Yet I have to recommend ONE device for all of you #Tricky. And my recommendation does NOT do all of the above.
I’m going to recommend one device that I’m using right now and it’s the Bryton Rider 420. You can easily buy it for LESS than £100 and the official RRP is Euro130. It supports ANT+ power meters (and more) has a 35-hour battery life and links and syncs to STRAVA. Perfect for commuting as well as some more advanced usage.
Alternatives: There are offerings from Lezyne and others that may well even come in cheaper than the Bryton 420, certainly cheaper at sale times. Although most of these will have less functionality than the Bryton. If you wanted a smaller-format solution compared to the Bryton, then a Polar M460 is a little cheaper and still supports a (BLE) power meter and even has a little front light on it ;-). The benefit of the Polar is that their FLOW platform is notably superior to Bryton’s – perhaps you have other devices on the FLOW platform, like a running watch, and if so a single-vendor solution for all your devices is probably a wise move.
BEST SUPER-BUDGET BIKE COMPUTER (Sub £/$/Eu100 ish)
I have some reservations for this price category for several reasons
- I don’t know all the products well enough, there are a few brands I’ve never seen a device from on ANY bike…ever. And I’ve seen a lot of bikes.
- Sale prices can suddenly take a much better bike computer into this price category trumping any recommendation I might make.
- Many of the Sub100 devices are 1990s-looking in terms of the case format, screen quality and I am not keen to recommend one of those. Yet I appreciate some of you just want to record time, distance and speed – almost anything will do that (HINT: even your smartphone running STRAVA)
BUT you REALLY CAN get a gem. You REALLY CAN get a discounted Lezyne for WELL under Eu/$/£100 and THAT WILL SUPPORT A POWER METER. You might not need power meter support that but that ability is an indication that the device will do a lot of other stuff that you will probably find useful.
Look for a discounted Bryton, Polar, Sigma or Lezyne model that’s normally over £/$/Eu120 and heavily discounted. One day soonish a Garmin Edge 130 will hit this price point. You know what to do.
HAMMERHEAD KAROO – the best bike computer for navigation
The Navigator knows that they revel in getting lost in strange and unusual places. So a bike computer has to do MUCH MORE than simply let them follow the route that they created or grabbed earlier online – most devices can do that fairly well. Yes, the navigator needs map intelligence ON the bike computer to enable the creation of routes and re-routing when lost, simply getting that from a connected smartphone is NOT enough.
Again the complexity of a recommendation here is great as there are many nuances to bike navigation. For example, covering trail route intelligence, having a large and readable screen, round trip route creation, high-quality mapping, free global mapping, POIs and more besides.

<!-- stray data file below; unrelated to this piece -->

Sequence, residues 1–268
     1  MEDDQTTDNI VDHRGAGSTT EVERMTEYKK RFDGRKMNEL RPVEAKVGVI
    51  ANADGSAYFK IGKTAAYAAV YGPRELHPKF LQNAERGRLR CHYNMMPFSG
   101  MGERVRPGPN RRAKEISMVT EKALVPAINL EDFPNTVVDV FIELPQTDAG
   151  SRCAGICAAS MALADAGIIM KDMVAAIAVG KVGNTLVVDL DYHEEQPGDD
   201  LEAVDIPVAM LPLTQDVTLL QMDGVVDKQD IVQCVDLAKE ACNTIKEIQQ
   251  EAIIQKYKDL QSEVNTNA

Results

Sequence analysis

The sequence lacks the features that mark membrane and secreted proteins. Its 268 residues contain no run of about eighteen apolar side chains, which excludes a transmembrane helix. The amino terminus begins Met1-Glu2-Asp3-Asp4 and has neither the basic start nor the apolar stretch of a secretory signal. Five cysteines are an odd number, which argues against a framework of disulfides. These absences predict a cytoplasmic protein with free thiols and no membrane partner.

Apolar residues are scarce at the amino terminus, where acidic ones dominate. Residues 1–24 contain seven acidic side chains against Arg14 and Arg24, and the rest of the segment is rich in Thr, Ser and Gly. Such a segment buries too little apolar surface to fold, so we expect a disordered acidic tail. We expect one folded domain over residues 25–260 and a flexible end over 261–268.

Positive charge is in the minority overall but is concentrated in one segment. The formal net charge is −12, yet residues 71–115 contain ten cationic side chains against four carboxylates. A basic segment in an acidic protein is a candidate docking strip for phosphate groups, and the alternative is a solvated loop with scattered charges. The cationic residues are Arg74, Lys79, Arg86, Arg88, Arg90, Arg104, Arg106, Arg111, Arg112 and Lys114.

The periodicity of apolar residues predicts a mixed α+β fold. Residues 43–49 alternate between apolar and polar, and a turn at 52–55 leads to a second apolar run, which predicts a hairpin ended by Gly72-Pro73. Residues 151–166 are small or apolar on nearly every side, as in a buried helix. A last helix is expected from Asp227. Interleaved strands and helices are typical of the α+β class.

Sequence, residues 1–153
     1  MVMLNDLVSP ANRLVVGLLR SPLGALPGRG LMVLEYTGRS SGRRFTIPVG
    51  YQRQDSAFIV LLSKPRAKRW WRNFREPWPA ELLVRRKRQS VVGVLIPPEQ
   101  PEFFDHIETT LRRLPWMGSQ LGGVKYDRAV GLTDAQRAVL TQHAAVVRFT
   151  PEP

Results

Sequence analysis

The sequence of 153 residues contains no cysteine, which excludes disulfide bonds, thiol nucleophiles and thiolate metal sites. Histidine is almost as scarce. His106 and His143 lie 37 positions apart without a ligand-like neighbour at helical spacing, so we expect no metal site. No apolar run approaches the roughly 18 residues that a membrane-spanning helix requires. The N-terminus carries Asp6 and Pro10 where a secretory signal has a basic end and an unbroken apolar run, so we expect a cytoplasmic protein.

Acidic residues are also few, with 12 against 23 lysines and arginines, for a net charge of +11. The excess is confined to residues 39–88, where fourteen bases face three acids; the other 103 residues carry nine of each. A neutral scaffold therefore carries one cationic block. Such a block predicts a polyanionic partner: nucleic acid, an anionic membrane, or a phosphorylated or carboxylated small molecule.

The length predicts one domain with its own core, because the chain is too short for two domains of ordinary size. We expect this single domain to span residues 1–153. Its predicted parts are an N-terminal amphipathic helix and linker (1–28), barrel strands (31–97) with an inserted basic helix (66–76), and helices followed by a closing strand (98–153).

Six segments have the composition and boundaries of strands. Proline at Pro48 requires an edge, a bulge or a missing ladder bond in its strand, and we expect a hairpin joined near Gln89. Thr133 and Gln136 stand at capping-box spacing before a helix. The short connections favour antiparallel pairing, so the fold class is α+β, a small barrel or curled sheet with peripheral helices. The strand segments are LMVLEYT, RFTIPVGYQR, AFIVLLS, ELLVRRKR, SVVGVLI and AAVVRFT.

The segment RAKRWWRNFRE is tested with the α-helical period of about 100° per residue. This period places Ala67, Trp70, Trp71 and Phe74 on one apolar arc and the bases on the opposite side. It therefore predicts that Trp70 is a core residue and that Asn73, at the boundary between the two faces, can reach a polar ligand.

- The Hammerhead Karoo has the best platform for the workflow of navigation and some of the best aspects of route creation, it also has a built-in SIM
- The Sigma Rox 12 is the best for live navigation
- The Garmin Edge 530/830/1030 have the best route creation from their popularity/heatmaps data; boosted with 3rd party CIQ apps, it wins for trail routes too.
The usability of the Karoo sways the choice of winner for a Navigator in my eyes. But it is FAR from the perfect solution for all navigators, check the review to allay or reinforce your fears.
HAMMERHEAD KAROO: Check Price or ORDER HERE (Coupon: the5krunner10)
Garmin Edge 1030 (Edge 1030 Plus Q2.2020) – the best bike computer tech
If cycling computers could make a latte you would want one which could put a RAPHA logo in the milk on the top. You want every bell, whistle and foghorn that it is humanly possible to have. You already have N+1 bikes, where N is an infeasibly large number.
You have a garage but there is no car in it because…it’s full of bike stuff
Other than cycling, your 2nd main hobby is collecting Garmin Edge devices.
Perhaps you marvel at the possibilities of the tech (I do) or enjoy playing with it and learning ‘stuff’. Perhaps you are in some way feature-competitive with your cycle-tech buying buddies. You would certainly be an adopter of new technology and might enjoy reading or commenting on blogs like this, or similar to this.
You probably wouldn’t mind too much if some of the features didn’t quite work the first time and would be happy to trust the manufacturer to eventually fix it. Don’t get me wrong, you would still write a critically-stern email to Garmin support bemoaning the cost of the item in the full knowledge that they won’t even read it. But you would still have your latest Edge on your handlebars the next day despite having pretended to Garmin support that it really was unusable and could you “have a replacement unit that wasn’t a refurbished unit, please?” in the hope that some imagined hardware problem has secretly been rectified by the Garmin factory on the 3rd day of production.